U.S. auto sales, housing see some recovery; railroad, truck volumes still trail 2019; bioplastic research gets DOE grant; Vestolit weighs down Orbia's revenue
U.S. July vehicle sales to see third on-month rise in July
U.S. new vehicle sales will reach nearly 1.2 million units in July 2020, an 18% on-year decline but the third on-month increase since April, said on July 27 ALG, part of auto price information provider True Car Inc.
Excluding fleet sales, ALG projects U.S. new cars and light trucks retail deliveries will reach just under 1.1 million units, a 15% on-year decrease ¬when adjusted for the same number of selling days.
Despite Covid-19 cases rising in some of the biggest markets such as areas of Texas, Florida and California that forced step backs in re-openings, sales didn’t “drop as low as they did in the spring” said Eric Lyman, chief analyst for ALG.
“There’s finally some positive signs for automakers on the fleet side of the house,” Lyman added.
“Fleet sales were down nearly 70% year-over-year last month, while this month (July) we’re projecting the decline will slow to 40%, with a 17% uptick month over month,” added Lyman.
“Mainstream brands are steadily increasing,” said Nick Woolard, analyst at TrueCar.
Consumers appear to be showing budgetary discipline in reaction to the Covid-19. They have yet to return to the luxury markets, ALG added.
The automotive market is a key consumer of over a dozen chemicals, notably polypropylene.
Housing starts picked up in June but still impacted
Privately-owned housing starts in June were at a seasonally adjusted annual rate of 1,19 million, 17% above the revised May estimate of 1.01 million, according to U.S. Census Bureau data released on July 17.
The results were 4% below the June 2019 rate of 1.24 million, it added.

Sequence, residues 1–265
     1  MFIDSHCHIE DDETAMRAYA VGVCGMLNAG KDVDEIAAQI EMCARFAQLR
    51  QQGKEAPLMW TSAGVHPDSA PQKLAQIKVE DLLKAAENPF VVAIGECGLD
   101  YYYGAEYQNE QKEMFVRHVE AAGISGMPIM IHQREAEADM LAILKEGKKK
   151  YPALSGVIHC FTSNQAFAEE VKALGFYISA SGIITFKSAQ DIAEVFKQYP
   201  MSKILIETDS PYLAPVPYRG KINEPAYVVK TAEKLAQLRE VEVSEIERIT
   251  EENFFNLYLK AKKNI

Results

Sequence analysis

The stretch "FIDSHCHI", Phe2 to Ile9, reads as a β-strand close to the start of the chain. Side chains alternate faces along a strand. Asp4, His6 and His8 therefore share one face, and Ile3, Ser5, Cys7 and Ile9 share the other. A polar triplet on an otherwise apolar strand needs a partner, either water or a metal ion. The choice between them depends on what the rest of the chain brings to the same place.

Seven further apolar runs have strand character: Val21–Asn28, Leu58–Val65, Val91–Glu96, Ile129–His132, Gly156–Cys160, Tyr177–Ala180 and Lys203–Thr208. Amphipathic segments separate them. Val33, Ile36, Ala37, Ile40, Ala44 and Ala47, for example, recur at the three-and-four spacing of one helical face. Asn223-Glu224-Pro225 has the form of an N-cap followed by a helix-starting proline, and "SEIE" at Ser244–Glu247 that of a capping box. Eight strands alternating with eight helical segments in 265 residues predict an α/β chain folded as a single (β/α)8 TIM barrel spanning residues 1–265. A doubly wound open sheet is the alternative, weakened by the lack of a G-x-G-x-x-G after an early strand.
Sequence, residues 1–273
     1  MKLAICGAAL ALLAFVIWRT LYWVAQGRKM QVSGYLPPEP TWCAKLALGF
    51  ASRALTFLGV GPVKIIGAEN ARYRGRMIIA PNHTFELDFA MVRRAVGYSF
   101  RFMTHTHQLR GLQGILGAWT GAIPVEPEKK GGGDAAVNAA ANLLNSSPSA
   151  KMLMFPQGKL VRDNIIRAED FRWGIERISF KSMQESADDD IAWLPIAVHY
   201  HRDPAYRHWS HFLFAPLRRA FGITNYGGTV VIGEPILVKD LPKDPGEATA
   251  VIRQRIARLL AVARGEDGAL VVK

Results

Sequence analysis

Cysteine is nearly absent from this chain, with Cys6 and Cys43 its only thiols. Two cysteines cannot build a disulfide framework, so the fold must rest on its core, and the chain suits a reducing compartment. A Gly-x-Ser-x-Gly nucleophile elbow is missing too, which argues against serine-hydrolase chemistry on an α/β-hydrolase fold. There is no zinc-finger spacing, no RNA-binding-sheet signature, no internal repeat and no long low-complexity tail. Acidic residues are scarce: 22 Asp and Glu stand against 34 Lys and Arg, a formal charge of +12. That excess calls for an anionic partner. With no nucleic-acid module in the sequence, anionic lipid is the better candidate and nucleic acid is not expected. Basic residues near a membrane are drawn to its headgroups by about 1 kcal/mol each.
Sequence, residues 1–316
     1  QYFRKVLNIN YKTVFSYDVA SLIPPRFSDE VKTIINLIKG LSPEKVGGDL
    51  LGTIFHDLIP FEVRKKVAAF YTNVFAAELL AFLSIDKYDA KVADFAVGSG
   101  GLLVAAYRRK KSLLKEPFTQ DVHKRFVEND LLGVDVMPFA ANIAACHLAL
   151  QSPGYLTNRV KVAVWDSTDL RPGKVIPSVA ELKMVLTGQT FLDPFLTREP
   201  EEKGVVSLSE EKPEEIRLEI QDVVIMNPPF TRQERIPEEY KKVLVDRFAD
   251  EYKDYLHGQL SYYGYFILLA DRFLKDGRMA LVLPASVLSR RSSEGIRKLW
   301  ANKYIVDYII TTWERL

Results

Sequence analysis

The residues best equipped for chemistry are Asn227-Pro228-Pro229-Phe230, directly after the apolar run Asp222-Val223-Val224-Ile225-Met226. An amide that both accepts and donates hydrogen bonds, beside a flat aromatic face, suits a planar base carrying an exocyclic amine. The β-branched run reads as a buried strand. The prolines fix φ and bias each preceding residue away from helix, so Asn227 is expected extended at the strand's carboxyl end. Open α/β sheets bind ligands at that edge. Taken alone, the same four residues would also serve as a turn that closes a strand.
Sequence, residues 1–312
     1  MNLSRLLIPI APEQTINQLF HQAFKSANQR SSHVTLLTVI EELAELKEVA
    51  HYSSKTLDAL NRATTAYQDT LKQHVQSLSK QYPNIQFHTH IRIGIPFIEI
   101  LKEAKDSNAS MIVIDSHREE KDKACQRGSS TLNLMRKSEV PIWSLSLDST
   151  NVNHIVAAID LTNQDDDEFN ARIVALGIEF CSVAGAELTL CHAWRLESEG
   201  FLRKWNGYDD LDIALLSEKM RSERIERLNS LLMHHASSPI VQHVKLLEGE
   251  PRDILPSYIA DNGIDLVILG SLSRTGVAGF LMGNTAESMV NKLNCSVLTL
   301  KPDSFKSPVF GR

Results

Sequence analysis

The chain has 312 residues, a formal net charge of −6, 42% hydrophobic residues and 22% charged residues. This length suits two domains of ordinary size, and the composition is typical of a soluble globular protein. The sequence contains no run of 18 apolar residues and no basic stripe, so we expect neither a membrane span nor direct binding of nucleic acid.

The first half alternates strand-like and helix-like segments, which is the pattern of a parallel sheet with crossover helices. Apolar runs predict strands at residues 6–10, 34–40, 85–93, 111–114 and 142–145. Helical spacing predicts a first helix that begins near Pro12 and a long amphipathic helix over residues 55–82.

Single-family housing starts in June were at a rate of 0.8 million, or 17% above the revised May figure of 0.7 million, the data showed.
Construction materials for insulation, tubing and fixtures weigh heavily on plastic demand.
North American rail traffic down 16% in late July from 2019
North American rail volume for the week ending July 25 on a dozen reporting U.S., Canadian and Mexican railroads was 307,496 carloads, a 16% on-year decline, the Association of American Railroads said on July 29.
North American rail volume for the first 30 weeks of 2020 was 18.7 million carloads and intermodal units, a 12% on-year decline.
Total U.S. carloads for the week ending July 25 were 215,171, an 18% on-year decline.
Canadian railroads reported 72,440 carloads for the week, down nearly 14% on-year. Mexican railroads reported 19,885 carloads for the week, down 7.8% also from the same week last year.
Carloads move commodities like resin pellets and other chemical products.
Nine out of 10 carload commodity groups posted a decrease compared with the same week in 2019.
U.S. railroads reported a cumulative volume of 6.3 million carloads for the first 30 weeks of 2020, down 16% from the previous year.
Railcars move most chemical commodities, including plastic resins.
U.S. trucking volume sees some improvement but still trails 2019
Trucking figures as of June showed an on-month improvement but overall still trail 2019, the American Trucking Associations (ATA) said in a preliminary report on July 21.
The seasonally adjusted index For-Hire Truck Tonnage Index for June 2020 by the ATA showed a 1.3% on-year drop. It was the third straight month with an on-year decline, but the smallest in the period.
The June on-month gain made it the single best month since January 2013. However, it was not enough to put tonnage back to the pre-pandemic levels.